River through Time (A)

Grades: 
3, 4, 5

Learners will study the impact of humans on the environment of a river valley over time and recognize stewardship and the common good in a real life example.

Lesson Rating 
0
Duration 
PrintOne Forty-Five to Fifty-Minute Class Period
Objectives 

The learner will:

  • describe the impact of humans on the Nashua River Valley environment at different points in time.
  • place events related to the Nashua River Valley in chronological order on a timeline.
  • discuss how the Native Americans and Marion Stoddart modeled stewardship and belief in the common good.
Materials 
  • Read aloud copy of A River Ran Wild, by Lynne Cherry
  • Chart paper
  • Crayons, colored pencils and/or markers for combined timeline
  • Student handout: Group Names and Questions
  • Drawing or roller paper, rulers and pens for timeline
  • Self-sticking notes
Home Connection 

The learner will chronicle significant life events with a timeline and pictures and/or illustrations. The timeline should be done in year intervals from birth to the present. Allow the learner three days to complete his/her own timeline with help from family members or caregivers at home.

Bibliography 

Cherry, Lynne. A River Ran Wild. San Diego: Harcourt Brace & Company, 1992. ISBN: 0-15-200542-6

Instructions

Print
  1. Anticipatory Set:Ask the learners to recall the story, A River Ran Wild (from Lesson One). Generate and post a class brainstorm of the changes that took place over time to the river valley in the story.

    Discuss the historical context, particularly the Industrial Revolution and technological advances, and the impact of such changes upon the labor force.

    1. How did technological advances positively impact the Common Good?
    2. How did technological advances negatively impact the Common Good?
  2. Group Activity: Divide the class into four groups. Give each group an index card or sheet of paper, preferably lined, with a place for their group name to be entered, as well as a place for each group member's name to be entered, and dates, events and questions. (See handout below: Group Names.)

  3. Place a five-foot long sheet of paper on a wall or board. Learners will use this to compile a composite timeline at the end of the activity.

  4. Have each group meet and read the cards. Assign the task of answering the questions orally and by illustration. Tell the class that at the end of the group work assignment all groups are to share their group answers with the class. Each group is to also present the events on their card to be added to the timeline on the wall or board.

  5. Learners will fill in events from the history of the area studied in chronological order on the class timeline. Each group will present its information and add it to the timeline.

  6. In a class discussion, compare the human interaction with the environment of the different groups.

  7. Introduce the terms through Socratic questioning:

    • stewardship (n) A process whereby an organization seeks to be worthy of continued philanthropic support, including the acknowledgement of gifts, donor recognition, the honoring of donor intent, prudent investment of gifts, and the effective and efficient use of funds to further the mission of the organization. The position or work of a steward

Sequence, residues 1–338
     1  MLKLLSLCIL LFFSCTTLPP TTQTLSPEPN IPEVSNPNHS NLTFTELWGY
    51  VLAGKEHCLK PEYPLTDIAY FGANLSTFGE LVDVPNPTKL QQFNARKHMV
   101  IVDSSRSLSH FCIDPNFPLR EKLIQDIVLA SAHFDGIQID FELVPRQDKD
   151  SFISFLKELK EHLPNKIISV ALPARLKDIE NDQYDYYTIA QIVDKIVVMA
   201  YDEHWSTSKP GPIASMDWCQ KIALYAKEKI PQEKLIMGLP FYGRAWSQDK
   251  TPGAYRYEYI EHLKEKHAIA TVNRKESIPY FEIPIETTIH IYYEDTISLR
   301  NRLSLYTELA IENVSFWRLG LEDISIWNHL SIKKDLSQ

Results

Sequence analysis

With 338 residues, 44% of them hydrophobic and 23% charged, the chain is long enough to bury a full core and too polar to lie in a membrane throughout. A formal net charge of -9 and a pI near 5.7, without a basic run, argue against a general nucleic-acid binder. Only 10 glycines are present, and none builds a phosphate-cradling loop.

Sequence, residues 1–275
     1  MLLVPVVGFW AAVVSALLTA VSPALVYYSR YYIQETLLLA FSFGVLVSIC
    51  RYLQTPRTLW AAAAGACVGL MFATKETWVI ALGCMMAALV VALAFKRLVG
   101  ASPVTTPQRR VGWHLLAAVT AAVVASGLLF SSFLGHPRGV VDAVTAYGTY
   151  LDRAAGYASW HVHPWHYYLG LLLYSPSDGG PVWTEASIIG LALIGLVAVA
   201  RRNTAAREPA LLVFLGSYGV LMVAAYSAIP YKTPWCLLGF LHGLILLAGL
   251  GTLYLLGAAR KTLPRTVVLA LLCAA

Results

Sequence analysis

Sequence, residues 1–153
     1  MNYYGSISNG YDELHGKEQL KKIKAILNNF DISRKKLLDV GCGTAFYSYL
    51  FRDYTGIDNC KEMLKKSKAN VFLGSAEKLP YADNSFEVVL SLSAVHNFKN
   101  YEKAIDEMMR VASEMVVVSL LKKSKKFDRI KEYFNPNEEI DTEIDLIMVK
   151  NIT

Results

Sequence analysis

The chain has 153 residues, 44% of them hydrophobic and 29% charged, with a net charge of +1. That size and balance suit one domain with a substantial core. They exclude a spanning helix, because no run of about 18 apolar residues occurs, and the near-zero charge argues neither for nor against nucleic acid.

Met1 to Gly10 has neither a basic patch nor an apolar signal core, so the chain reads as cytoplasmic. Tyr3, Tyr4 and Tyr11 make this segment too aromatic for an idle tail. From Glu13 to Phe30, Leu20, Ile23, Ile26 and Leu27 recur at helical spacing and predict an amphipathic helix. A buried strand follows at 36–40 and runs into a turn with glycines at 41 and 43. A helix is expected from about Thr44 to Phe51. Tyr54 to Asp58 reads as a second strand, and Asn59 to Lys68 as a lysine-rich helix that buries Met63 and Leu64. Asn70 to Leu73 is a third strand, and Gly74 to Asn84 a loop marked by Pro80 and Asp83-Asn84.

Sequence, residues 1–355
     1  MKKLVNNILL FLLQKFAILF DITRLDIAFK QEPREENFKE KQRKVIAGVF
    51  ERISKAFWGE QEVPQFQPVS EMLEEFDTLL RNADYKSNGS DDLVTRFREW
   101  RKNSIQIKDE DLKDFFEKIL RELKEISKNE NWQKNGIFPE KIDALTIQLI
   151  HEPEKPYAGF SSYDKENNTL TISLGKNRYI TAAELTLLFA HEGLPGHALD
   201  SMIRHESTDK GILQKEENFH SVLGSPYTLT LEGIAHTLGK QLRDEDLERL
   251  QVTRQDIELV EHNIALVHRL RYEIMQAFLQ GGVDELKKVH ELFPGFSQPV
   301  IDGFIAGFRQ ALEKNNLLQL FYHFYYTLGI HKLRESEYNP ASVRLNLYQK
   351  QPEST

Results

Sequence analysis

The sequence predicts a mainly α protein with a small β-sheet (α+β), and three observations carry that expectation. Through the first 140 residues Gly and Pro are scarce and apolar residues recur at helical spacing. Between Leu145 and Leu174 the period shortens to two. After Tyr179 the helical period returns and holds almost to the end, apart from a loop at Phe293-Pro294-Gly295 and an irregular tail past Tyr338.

• common good (n) Resources shared for the collective benefit of the whole group of people.Ask the class: "How did your groups demonstrate stewardship or work for the common good?"
  8. Ask the class to recall Marion Stoddart from A River Ran Wild. The teacher gives the dates for Marion's actions to add to the timeline. The class completes the timeline.

    Reflect on the idea of compromise, or balance, betweeen technological advances and the common good.

  9. Ask the class how Marion demonstrated stewardship or worked for the common good.

  10. Exit ticket: Have each student turn to another and share two things they learned from this lesson. Have each student share one thing with the class that someone else shared.

Assessment 

The assessment is based on teacher observation of group participation. Additionally, each group evaluates their work using the following rubric:

Group Work Self-Evaluation Rubric http://rubistar.4teachers.org/index.php 

  • Score 4 Our group listened to each other, took turns and shared in the decision-making. We completed the assignment and have done quality work.
  • 3 Our group usually took turns and most people were part of the decision-making. We completed the work.
  • 2 A few people did most of the work and made the decisions. Our work could be better.
  • 1 Our group had difficulty completing the work and making decisions. Each group gives a numerical score and states evidence that supports their evaluation.
Cross Curriculum 

Example Field Trips:

Philanthropy Framework

  1. Strand PHIL.II Philanthropy and Civil Society
    1. Standard PCS 01. Self, citizenship, and society
      1. Benchmark E.5 Identify one local citizen who has helped the community through giving and/or service.
    2. Standard PCS 03. Philanthropy and Economics
      1. Benchmark E.5 Recognize the wise use of resources as <i>stewardship</i>.
    3. Standard PCS 05. Philanthropy and Government
      1. Benchmark E.10 Give an example of an action by an individual or a private organization that has helped to enhance a fundamental democratic principle.
  2. Strand PHIL.III Philanthropy and the Individual
    1. Standard PI 01. Reasons for Individual Philanthropy
      1. Benchmark E.3 Define stewardship and give examples.
      2. Benchmark E.4 Give an example of how citizens act for the common good.